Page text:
The Straits Times (15 September 2021)
After being hospitalised for a fall, Mr Lim Ngak Boon, 82, who used to weigh about 50kg, lost almost 10kg because the bland hospital food did not suit his palate. He is back to a healthier 48kg now after a community dietitian from Tan Tock Seng Hospital (TTSH) helped him devise a healthy food plan.
Mr Lim was initially reluctant to stick to the plan, but began taking milk supplements “because those were appetising and easier to consume”.
Age-related changes to taste buds can lead to older people having decreased appetite and taking in insufficient nutrition, which in turn puts them at risk of serious health problems.
To reduce the risk of elderly malnutrition, TTSH is rolling out a community care model in which the hospital’s dietitians work with community partners to provide dietary counselling and support to older people who are at risk.
From July to December last year, the hospital’s nutrition and dietetics department worked with nonprofit organisation Care Corner’s senior activity centres in Toa Payoh to identify residents who were socially isolated and needed nutrition support. TTSH also partnered non-profit organisation Touch Community Services to support homecare nurses who needed support with their patients’ nutrition.
These community partners coaxed older residents to work with the dietitian and monitored their progress with the recommended nutritional plans.
TTSH also held training workshops for community partners on how to identify, prevent and manage malnutrition. The hospital aims to expand the community care model to other areas in central Singapore, such as Ang Mo Kio and Kallang, from the end of this year, and train more community partners.
A significant number of older people in Singapore are at risk of malnutrition. Dr Lim Yen Peng, head and senior principal dietitian at TTSH’s department of nutrition and dietetics, cites a study conducted by the National Healthcare Group from 2015 to 2016, which found that about 14 per cent of older adults in central Singapore were malnourished or at risk of malnutrition.
She says older adults who are malnourished are more vulnerable to illnesses. Their immunity may be reduced and the risk of suffering falls and fractures increases. They are thus more likely to be hospitalised and then take a longer time to recover from any acute illnesses or surgery.
She adds: “Typically, seniors who experience nutrition-related issues will be identified only when they get admitted for medical- related emergencies or conditions such as falls or fractures, functional decline, or infections. Their poor nutritional status may be picked up only through nutrition screening on admission or by further clinical examination from the medical or nursing teams.”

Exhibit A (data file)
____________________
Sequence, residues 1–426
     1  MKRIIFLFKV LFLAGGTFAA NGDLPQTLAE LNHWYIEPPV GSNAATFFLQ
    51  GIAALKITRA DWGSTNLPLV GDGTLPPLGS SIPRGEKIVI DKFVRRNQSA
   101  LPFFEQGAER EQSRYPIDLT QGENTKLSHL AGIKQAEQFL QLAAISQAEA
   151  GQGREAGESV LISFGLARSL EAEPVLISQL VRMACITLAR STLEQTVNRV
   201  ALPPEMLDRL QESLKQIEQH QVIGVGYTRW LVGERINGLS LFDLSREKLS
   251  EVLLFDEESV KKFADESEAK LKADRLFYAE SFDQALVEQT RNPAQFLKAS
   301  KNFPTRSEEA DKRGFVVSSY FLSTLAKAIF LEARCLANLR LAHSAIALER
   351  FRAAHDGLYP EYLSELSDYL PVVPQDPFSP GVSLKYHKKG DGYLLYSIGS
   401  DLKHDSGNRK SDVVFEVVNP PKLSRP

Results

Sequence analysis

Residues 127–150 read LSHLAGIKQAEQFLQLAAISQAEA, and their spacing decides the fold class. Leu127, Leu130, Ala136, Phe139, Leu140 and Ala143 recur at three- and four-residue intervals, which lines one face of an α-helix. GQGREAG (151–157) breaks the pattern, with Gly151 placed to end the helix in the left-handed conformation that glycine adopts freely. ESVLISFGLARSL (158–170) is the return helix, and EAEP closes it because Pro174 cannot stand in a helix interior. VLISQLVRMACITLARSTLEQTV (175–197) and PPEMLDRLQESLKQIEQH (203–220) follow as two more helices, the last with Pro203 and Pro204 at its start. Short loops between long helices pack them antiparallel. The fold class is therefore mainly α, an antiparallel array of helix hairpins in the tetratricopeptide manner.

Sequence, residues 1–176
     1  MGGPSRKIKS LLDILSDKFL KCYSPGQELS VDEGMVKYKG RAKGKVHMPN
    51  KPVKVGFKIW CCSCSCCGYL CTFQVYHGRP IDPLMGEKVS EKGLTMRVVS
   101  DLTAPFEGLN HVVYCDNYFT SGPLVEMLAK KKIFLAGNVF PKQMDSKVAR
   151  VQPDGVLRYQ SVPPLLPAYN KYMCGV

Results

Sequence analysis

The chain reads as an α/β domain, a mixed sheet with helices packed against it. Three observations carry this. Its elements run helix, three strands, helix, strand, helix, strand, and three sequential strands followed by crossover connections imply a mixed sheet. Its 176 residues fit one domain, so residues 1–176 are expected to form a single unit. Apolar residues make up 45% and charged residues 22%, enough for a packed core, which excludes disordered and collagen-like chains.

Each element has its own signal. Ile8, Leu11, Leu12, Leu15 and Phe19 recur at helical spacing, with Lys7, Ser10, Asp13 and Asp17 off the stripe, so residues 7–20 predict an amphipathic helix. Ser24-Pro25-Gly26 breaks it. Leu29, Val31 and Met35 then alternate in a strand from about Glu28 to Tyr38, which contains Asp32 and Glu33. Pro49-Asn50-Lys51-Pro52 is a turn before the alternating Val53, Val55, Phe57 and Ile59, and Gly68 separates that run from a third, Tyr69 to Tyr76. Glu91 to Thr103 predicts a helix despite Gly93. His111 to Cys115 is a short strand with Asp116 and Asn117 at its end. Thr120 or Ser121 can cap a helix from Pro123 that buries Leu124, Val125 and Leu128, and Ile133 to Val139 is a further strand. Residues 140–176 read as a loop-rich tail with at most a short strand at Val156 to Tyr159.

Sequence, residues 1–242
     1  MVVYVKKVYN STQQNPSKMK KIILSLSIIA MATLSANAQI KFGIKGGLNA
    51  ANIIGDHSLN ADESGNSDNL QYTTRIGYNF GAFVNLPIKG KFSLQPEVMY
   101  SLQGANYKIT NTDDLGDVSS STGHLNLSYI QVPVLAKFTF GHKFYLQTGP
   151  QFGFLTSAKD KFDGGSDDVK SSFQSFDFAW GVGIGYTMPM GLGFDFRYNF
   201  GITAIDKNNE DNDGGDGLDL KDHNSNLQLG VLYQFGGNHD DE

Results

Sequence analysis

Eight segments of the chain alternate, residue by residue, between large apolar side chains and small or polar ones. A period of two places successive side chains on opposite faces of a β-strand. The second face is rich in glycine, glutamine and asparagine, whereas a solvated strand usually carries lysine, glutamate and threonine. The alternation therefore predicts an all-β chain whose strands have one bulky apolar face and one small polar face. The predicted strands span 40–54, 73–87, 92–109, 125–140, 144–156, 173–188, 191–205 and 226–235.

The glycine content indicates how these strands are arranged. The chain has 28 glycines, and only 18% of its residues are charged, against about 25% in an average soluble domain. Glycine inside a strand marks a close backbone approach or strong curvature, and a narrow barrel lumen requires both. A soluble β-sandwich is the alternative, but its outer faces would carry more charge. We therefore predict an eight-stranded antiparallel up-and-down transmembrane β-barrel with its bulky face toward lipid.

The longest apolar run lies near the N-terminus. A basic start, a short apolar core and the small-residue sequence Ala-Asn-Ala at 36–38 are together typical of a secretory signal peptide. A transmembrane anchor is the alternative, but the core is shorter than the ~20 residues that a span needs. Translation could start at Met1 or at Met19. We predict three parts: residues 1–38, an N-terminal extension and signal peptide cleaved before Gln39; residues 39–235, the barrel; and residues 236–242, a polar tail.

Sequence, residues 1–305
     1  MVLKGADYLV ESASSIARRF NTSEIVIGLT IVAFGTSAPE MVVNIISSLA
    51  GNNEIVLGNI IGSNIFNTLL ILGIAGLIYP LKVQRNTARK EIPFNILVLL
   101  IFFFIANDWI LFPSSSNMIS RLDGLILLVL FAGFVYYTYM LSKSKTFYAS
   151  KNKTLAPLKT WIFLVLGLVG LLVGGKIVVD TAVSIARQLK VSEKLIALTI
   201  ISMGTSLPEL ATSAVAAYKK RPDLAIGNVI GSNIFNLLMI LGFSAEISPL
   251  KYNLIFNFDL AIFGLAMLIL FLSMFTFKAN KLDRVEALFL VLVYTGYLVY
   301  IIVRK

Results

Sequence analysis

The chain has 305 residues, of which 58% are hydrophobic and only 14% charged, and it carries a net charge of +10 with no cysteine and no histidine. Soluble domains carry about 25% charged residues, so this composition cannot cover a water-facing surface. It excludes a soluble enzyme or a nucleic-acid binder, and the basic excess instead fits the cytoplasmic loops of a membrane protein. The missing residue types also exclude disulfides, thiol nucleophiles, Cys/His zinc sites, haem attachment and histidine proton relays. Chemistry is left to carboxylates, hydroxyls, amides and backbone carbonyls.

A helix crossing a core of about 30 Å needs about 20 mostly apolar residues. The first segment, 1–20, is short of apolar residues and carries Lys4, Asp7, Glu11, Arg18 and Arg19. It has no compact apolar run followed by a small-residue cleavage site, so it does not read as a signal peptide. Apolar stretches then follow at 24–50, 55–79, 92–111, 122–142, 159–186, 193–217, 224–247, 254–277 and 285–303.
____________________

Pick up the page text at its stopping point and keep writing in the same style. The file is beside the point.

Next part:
Early identification and prevention through the community care model will hopefully lead to better health outcomes.
Ms Chng Pey Ling, senior community dietitian at TTSH’s department of nutrition and dietetics, says that apart from taste alterations leading to seniors not enjoying their food, a main reason for malnutrition is limited access to food.
“Some residents are housebound due to weakness or mobility issues, and face issues with access to food, especially on days when they do not feel well enough to venture out and buy food. They are mainly dependent on food rations or free meals, and do not always have the ability to assert their food choices according to their preferences.”
TTSH conducted a survey in Toa Payoh to find out what kinds of food the seniors served by Care Corner preferred, then held a food donation drive in March to provide these preferred rations to 80 households.
Oats, ready-to-eat kway teow, brown rice vermicelli and nonfried plain instant noodles are the items most residents preferred. Some do not cook, so rice, which is often donated, is wasted.
Dr Lim says this pilot initiative has driven home to her team the importance of collaborating with community partners, and ensuring nutrition support is “needs-based, senior-centric and holistic”.
“We share the same goal as our community partners to have our residents supported to live well and age well in their homes and neighbourhoods,” she says.
“Challenges remain for the team to keep this care model sustainable and to explore other systems of support and collaborations to create better and sustainable food access for at-risk residents."
Social service agencies can sign up for online workshops on nutritional intervention for seniors at AIC Learning Network marketplace.